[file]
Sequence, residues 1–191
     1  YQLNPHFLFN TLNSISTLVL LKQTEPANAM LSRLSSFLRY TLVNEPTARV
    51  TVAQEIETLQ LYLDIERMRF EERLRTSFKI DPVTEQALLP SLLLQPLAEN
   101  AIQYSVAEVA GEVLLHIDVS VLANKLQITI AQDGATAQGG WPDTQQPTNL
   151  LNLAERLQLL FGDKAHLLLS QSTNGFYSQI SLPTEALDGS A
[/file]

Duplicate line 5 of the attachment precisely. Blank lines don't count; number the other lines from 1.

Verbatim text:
   151  LNLAERLQLL FGDKAHLLLS QSTNGFYSQI SLPTEALDGS A